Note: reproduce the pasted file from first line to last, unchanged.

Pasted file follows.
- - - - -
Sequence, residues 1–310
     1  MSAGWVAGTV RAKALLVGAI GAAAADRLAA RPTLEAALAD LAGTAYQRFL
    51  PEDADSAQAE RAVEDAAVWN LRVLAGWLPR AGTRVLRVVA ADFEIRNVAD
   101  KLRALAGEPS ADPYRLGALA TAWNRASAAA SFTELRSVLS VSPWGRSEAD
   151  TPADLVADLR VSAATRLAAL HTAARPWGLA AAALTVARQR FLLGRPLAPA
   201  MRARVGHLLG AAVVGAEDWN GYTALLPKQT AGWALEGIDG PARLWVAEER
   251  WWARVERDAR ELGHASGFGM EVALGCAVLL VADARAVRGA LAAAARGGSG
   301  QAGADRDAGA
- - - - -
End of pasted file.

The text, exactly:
Sequence, residues 1–310
     1  MSAGWVAGTV RAKALLVGAI GAAAADRLAA RPTLEAALAD LAGTAYQRFL
    51  PEDADSAQAE RAVEDAAVWN LRVLAGWLPR AGTRVLRVVA ADFEIRNVAD
   101  KLRALAGEPS ADPYRLGALA TAWNRASAAA SFTELRSVLS VSPWGRSEAD
   151  TPADLVADLR VSAATRLAAL HTAARPWGLA AAALTVARQR FLLGRPLAPA
   201  MRARVGHLLG AAVVGAEDWN GYTALLPKQT AGWALEGIDG PARLWVAEER
   251  WWARVERDAR ELGHASGFGM EVALGCAVLL VADARAVRGA LAAAARGGSG
   301  QAGADRDAGA